Mulligatawny Soup (version 2) Recipe Review

mulligatawny soup image

Hi, Ray here again.

Curry time is here again. The weather is turning wetter and chillier as the UK heads into autumn with winter lurking around the corner.

So I thought that testing a spicy soup recipe would be a good idea.

There are some mullitgatawny soup recipes for people to try but there is confusion as to what a mulligatawny soup actually is. Most of my Indian friends, hailing from Gujarati, Bangalore, Delhi and Mumbai have never heard of mulligatawny soup.

A couple of Google searches points to mulligatawny soup being one of those Anglo-Indian dishes that were invented by the British. The soup is a bit like a South Indian rasam and the version I chose to test this week differs from most mulligatawny recipes in that it does not contain any meat – it is basically a vegetarian soup.

If you know of the real source of this soup then you can email us and let us know.

Anyway, I chose to test a mulligatawny soup recipe.

Although there is a long list of ingredients, most curry makers would always have the majority of the ingredients. So all I needed to buy on my Saturday shopping trip were the carrot, apple, vegetable stock and fresh coriander (cilantro). I don’t suppose that I needed to buy the vegetable stock because I could have made up the stock from powdered stock but I prefer the ready-made vegetable stock that you can buy.

The recipe asks for you to do most of the cooking and then let the ingredients cool before putting them into a food processor to make a smooth soup. So I prepared the ingredients and did the initial cooking in the middle of the afternoon. I let the cooked ingredients cool for well over an hour before blending them in the food processor (the ingredients were still warm, even after this time).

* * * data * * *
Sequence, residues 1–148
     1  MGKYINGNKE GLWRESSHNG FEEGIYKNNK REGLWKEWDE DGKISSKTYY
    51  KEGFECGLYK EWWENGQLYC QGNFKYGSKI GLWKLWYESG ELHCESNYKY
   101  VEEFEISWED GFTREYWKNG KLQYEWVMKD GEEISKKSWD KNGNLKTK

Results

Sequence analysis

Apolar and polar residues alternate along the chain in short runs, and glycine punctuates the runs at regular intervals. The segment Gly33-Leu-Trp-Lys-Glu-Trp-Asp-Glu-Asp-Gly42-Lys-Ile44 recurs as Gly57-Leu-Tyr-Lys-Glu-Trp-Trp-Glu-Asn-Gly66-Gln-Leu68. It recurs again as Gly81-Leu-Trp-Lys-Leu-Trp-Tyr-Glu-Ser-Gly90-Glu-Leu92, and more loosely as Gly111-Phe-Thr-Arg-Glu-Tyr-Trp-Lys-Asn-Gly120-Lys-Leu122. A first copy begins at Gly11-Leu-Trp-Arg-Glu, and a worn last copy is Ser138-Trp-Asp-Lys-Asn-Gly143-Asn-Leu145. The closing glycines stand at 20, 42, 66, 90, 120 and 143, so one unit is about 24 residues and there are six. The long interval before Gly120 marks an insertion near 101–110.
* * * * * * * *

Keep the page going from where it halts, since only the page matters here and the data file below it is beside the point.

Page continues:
I waited until the tasting team arrived before doing the final heating up and cooking phase (I cooked some basmati at the same time).

Once everything was cooked, I served up the Mulligatawny Soup in soup bowls with a side of basmati rice (you just add the rice to the bowl when you want to).

And the soup mulligatawny was good. Although it was a bit tart – maybe the recipe should have used half of the amount of tamarind. But I like the taste of tamarind so it suited me. Adding the basmati to the soup seemed to tone down the tamarind taste a little. The mulligatawny was very nice and there was a big saucepan of soup – it could probably feed 8 even though the recipe said it would feed 4-6 people. But leftover soup is not a problem as I can just heat it up the next day.

The mulligatawny soup received a taste score of 7.5 out of 10 with a spice/heat rating of “Hot”.

The obvious side to have with this dish is a couple of roti. And that’s what I will make to accompany the reheated soup tomorrow.

mulligatawny soup image

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